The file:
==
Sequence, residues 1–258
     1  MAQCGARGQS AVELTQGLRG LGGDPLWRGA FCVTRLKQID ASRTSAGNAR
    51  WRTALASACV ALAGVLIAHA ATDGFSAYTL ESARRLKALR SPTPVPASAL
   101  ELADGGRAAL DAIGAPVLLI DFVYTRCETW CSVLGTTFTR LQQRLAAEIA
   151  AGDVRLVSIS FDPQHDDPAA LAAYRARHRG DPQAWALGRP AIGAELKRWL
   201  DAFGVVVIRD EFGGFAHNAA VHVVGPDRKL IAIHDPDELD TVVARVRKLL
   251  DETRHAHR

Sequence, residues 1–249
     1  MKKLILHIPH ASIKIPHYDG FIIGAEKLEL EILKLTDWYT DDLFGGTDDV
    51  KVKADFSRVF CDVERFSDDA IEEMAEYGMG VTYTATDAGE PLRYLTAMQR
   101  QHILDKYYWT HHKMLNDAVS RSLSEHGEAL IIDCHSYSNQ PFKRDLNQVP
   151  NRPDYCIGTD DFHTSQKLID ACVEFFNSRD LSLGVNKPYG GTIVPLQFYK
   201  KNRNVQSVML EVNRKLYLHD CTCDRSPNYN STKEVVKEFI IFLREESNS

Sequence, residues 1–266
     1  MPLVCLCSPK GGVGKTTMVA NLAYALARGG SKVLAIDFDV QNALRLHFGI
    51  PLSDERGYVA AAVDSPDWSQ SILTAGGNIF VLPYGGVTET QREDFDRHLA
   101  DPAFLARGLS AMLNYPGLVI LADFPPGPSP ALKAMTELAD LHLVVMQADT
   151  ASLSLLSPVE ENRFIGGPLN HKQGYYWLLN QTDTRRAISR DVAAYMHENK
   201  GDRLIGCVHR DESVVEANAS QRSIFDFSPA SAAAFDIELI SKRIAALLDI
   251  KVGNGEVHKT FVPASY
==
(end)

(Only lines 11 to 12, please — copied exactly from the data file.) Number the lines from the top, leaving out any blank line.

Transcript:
   101  QHILDKYYWT HHKMLNDAVS RSLSEHGEAL IIDCHSYSNQ PFKRDLNQVP
   151  NRPDYCIGTD DFHTSQKLID ACVEFFNSRD LSLGVNKPYG GTIVPLQFYK